Wednesday, May 31, 2006

Didja know?

Mrs. Lee, General Robert E. Lee's mother who lived in Stratford, Virginia, had been in poor health so long that a doctor was in almost constant attendance. She suffered from catalepsy, a trance-like affliction. During a long trance when she was pronounced dead, the lady was prepared for burial and on the third day, after the funeral, was placed in the family vault at the cemetery. The sexton, while cleaning up and placing some flowers on the casket, heard a faint noise. He listened intently and detected a faint call for help. He opened the casket and found Mrs. Lee Alive!
Mrs. Lee slowly regained her health. Her son, born for fame, came into this world more than a year and a half after she was placed in her tomb.

At least some of the emigrants who died en route to Oregon were probably buried alive because the survivors were in a hurry.

For many years, cholera ravaged emigrants along the Oregon Trail. Whoever caught it was dead--no cure or treatment existed. Usually, the infected emigrant died in 24 hours or less, so if an entire wagon train stopped for an elaborate funeral, it would slow their progress. It was urgent they travel quickly. Too many delays meant the pioneers might not get to Oregon before winter--and then everyone might perish.
So on most wagon trains, the burials got shorter and shorter as more and more people died. Some even abandoned the terminally sick by the side of the Trail, where they would eventually die alone. The more humane wagon companies elected a "watcher" to wait with the dying person while the wagons forged ahead. It wouldn't take long for the watcher to catch up; a quick death, after all, was imminent.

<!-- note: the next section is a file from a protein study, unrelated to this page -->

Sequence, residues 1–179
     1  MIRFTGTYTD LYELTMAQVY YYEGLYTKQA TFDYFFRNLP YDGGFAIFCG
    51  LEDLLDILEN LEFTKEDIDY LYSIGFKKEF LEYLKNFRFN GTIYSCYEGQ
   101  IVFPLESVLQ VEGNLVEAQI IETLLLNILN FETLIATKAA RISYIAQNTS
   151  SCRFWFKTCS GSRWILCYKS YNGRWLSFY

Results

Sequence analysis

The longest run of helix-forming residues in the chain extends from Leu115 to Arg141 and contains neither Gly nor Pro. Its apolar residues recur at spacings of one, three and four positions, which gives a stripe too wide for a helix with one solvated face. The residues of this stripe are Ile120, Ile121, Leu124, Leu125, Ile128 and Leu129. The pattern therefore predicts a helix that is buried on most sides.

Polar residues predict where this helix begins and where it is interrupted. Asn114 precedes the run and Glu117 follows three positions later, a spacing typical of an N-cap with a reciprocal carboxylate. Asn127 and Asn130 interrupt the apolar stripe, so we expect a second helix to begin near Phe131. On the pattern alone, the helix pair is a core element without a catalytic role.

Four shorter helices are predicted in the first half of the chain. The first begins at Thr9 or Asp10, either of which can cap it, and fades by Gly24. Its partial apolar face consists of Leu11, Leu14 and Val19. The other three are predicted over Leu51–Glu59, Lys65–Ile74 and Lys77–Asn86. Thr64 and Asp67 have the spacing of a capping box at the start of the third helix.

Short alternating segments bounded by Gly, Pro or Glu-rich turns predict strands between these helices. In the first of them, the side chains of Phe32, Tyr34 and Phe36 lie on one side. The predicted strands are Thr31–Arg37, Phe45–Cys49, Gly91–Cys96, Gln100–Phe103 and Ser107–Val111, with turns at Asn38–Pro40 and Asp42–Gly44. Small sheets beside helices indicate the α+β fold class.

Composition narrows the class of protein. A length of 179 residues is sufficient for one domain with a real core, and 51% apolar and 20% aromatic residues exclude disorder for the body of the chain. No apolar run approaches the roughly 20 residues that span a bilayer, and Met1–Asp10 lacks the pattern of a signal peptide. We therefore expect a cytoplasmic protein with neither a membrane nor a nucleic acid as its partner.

Leslie said...

Reminds me of the recent story of the climber on Mt. Everest left to die alone as 30 some odd climbers trailed past him. Fortunately for him, a kindly soul gave up his own reach for the summit and helped save his life.

Waking up in a tomb is about as bad a nightmare as it gets. That's just a little too much peace 'n' quiet, eh?

Sally said...

Poor ol Mrs. Lee! Thank goodness someone could hear her.

I had an uncle who once told me that if I was around when he died, to make sure they didn't bury him for three days, you know, to be sure. Yep, and then he told me that in the real olden days, they laid the corpse out on what they called a cooling board. Yikes, Brenda look what you started!!! :)

Special K said...

Well, sheesh, where did you think the term 'wake' came from?

KB said...

Man I'm glad we live in this day and age when it comes to medicine and all that stuff. Geez, can you imagine laying by the side of the trail waiting to die, alone....

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